Former Yankees catcher Jorge Posada has lost $11.2 million because of "egregious and unlawful actions" by his two longtime financial advisers, according to a recent lawsuit.
Posada and his wife, Laura, say in the lawsuit -- which was filed in October in Miami-Dade County Court -- that the two men who acted as their financial advisers for more than a decade mismanaged their investments for their own personal gain.
The Posadas accuse the advisers -- identified in court papers as Juan Carlos Collar and Anthony Fernandez -- of using Posada's money for their own personal real estate and hedge fund ventures without completely disclosing their involvement in the plans or the inherent risks.
"The Posadas were victims of fraud," their attorney, Barry Lax, said Monday. "It's pretty clear from the allegations in the complaint that their registered investment advisers completely breached their fiduciary duties and failed to disclose significant conflicts of interests."
A Yankee from 1995-2011, Posada grossed $117.5 million during his major-league career, according to baseball-reference.com. He is listed in the lawsuit as 44 years old, with a birthday exactly one year earlier than had always been listed during his playing career.
An attorney for the financial advisors, Gustavo Lamelas, said Tuesday that the two sides "have an agreement in principle to settle the litigation and are working to close the deal."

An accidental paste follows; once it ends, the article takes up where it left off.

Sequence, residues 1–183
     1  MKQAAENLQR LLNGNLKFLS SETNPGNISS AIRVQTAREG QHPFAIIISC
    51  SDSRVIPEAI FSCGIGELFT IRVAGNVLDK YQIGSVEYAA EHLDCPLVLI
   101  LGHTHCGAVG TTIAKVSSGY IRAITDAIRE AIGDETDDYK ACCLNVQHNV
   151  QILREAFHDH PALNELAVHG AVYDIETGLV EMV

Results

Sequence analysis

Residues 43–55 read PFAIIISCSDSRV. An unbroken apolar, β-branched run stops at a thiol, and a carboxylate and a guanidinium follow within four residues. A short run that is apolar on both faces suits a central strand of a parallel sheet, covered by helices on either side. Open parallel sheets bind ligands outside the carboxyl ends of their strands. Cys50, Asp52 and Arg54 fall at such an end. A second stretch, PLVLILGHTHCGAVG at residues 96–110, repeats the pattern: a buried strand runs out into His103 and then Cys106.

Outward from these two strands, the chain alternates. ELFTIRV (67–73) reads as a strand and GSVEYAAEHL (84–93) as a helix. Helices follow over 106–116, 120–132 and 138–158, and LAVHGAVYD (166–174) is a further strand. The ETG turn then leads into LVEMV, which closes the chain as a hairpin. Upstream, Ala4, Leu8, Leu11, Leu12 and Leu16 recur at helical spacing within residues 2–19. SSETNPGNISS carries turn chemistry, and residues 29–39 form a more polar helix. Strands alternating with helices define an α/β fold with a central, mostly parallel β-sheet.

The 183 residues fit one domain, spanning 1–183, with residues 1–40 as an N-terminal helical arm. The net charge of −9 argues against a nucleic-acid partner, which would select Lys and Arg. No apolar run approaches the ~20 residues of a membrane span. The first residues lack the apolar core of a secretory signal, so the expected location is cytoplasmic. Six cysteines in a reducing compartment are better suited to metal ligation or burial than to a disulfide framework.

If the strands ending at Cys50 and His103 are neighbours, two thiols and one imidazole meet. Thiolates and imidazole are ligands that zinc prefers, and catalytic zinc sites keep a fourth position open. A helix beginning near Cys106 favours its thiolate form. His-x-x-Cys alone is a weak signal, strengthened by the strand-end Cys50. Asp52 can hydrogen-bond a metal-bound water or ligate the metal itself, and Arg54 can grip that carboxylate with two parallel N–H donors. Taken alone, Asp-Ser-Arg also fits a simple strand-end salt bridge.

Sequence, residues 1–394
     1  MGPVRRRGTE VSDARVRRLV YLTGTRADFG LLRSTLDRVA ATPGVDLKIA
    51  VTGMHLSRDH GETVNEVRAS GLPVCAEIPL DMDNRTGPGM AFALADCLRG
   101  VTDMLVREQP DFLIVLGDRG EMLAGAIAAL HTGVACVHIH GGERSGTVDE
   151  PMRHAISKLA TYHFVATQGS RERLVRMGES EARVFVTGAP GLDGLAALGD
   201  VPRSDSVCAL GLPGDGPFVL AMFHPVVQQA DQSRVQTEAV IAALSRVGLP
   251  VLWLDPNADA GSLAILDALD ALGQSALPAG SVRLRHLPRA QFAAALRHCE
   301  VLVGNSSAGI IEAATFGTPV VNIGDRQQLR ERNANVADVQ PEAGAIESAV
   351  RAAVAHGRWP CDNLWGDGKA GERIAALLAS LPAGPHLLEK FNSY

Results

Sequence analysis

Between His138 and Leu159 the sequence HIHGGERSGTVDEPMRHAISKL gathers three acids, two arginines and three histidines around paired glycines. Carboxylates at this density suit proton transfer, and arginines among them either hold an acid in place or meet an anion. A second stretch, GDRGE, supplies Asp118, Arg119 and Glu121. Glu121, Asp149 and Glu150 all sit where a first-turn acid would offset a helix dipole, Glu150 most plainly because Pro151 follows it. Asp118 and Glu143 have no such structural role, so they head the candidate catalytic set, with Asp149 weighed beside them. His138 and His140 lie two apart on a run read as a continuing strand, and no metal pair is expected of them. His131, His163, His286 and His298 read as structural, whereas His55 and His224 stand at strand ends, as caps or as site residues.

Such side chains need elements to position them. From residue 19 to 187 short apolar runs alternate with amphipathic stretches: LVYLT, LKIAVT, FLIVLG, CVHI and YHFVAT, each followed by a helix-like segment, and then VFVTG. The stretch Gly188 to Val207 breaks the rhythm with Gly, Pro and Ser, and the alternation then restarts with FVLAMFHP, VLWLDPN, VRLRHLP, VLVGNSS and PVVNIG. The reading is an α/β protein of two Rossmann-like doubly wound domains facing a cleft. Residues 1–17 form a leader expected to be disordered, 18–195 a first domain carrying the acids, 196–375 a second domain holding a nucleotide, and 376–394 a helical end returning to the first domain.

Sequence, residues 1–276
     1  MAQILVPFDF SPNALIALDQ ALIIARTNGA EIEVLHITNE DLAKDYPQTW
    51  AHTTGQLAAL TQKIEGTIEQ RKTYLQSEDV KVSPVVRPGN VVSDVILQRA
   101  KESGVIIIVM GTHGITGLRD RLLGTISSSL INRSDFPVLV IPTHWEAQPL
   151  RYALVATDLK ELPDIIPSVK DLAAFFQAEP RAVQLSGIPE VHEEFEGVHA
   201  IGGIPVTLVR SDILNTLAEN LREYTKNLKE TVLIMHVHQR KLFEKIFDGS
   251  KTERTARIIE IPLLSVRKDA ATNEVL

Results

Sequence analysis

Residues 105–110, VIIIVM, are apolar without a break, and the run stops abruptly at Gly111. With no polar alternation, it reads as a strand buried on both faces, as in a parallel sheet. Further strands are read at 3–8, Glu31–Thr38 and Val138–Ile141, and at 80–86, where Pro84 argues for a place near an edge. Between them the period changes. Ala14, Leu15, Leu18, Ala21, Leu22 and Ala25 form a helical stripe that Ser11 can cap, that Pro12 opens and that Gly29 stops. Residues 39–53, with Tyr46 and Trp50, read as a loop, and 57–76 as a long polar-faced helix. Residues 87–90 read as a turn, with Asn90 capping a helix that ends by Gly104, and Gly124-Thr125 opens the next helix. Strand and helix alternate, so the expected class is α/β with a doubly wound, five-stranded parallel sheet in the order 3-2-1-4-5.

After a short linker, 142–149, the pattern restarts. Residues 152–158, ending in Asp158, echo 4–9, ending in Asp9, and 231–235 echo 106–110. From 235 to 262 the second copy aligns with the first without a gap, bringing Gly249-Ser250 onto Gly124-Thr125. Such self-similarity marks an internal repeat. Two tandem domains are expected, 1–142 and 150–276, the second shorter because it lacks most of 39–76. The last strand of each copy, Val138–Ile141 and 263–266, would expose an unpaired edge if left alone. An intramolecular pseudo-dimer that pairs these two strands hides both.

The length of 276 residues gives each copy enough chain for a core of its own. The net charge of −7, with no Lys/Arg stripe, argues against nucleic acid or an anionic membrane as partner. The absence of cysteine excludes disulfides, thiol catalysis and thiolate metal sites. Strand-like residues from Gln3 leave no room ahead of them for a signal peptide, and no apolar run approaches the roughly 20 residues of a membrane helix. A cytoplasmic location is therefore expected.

Lax, Posada's attorney, declined to comment on a potential settlement, citing ongoing litigation, and called it "inappropriate" for an attorney to publicly discuss a deal "without a fully executed agreement."
According to the lawsuit, Posada hired Collar and Fernandez as his advisers in the late 1990s when he was just breaking into the majors and they were working for the financial management company Merrill Lynch.
The lawsuit says they left Merrill Lynch in 2005 to create their own investment advisory firm, and Posada went with them.
Shortly thereafter, according to the lawsuit, Posada agreed to invest $3 million in a company created by Collar and Fernandez to develop a high-end equestrian community in Florida, believing they would receive an ownership stake in the land, but that didn't happen.
The lawsuit says that in 2007 Posada invested $8.1 million -- nearly half of his total investment assets -- in a hedge fund the duo created that included steep fees and significant risk, none of which was made known to Posada. The hedge fund has since struggled, costing Posada $4.8 million, according to the lawsuit.
"What these defendants did was just money grabs at every instant," Lax said.
The first hearing is scheduled for Feb. 6.